Some Interesting Performance Statistics

by Austin Hallock on September 19, 2012

Last week our CEO, Josh Fraser gave a presentation at the San Francisco Web Performance Meetup cleverly titled “Yo ho ho and a few billion pageviews of RUM” – quite relevant for today, International Talk Like a Pirate Day. If you have some spare time, it’s definitely worth watching! (video and slides). In preparation for the talk, Josh and I gathered some intriguing statistics using the terabytes of data Torbit has collected in the last 4 months. Much of that data is listed below on a categorical basis using a sample of 1,000 sites representing 6.7 billion pageviews.

Frontend vs Backend

As a developer, I spend a good deal of time making my backend code efficient. While that certainly does matter, the vast majority of time users spend waiting is due to frontend loading. Steve Souders’ Golden Rule for Performance states that 80-90% of the end-user response time is spent on the frontend. Across Torbit’s data, that number is actually 93%. We measure frontend vs backend timing based on “time to first byte” (TTFB) and on average 7% of load time is spent on the backend compared to a whopping 93% on the frontend.

Have a look over some of our blog posts on performance for tips on how to reduce frontend load time.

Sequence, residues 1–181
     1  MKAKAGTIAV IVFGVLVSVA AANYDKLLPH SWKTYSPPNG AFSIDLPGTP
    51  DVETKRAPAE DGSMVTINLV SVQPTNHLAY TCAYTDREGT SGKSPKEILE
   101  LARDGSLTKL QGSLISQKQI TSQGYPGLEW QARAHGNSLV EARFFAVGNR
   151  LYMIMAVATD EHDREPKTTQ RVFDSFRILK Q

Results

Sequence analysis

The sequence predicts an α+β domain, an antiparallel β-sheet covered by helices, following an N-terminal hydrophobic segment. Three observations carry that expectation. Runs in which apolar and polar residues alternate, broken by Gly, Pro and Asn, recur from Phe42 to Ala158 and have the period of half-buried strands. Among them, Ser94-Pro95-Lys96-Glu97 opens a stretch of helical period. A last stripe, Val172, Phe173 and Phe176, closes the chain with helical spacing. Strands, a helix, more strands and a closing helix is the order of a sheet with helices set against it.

Overall Stats

The following values are for the onload time across our sample set.

Desktop

  • Median: 2.53s
  • Average: 4.97s
  • Geometric Mean: 2.19s
  • 90th Percentile: 10.38s
  • 95th percentile: 16.86s
  • 99th percentile: 43.73s

Mobile

You’ll see with our mobile data, everything is shifted to the right on the histogram. This is caused by a myriad of reasons including slower processors, latency and slower connections with Edge, 3G, etc.

  • Median: 3.87s
  • Average: 6.23s
  • Geometric Mean: 3.12s
  • 90th Percentile: 12.07s
  • 95th percentile: 18.11s
  • 99th percentile: 44.42s

Taking a closer look at latency, the average response transfer time (time from first byte to last byte of the html response) is 0.30s from desktop browsers and 1.30s on mobile browsers, that’s over 4 times slower! The most important thing you can to to improve your performance on mobile is to reduce the number of requests that you make.

Location

There are many factors that impact the performance experienced by end users in varying locations. When it comes to load times on the web, geography matters a lot.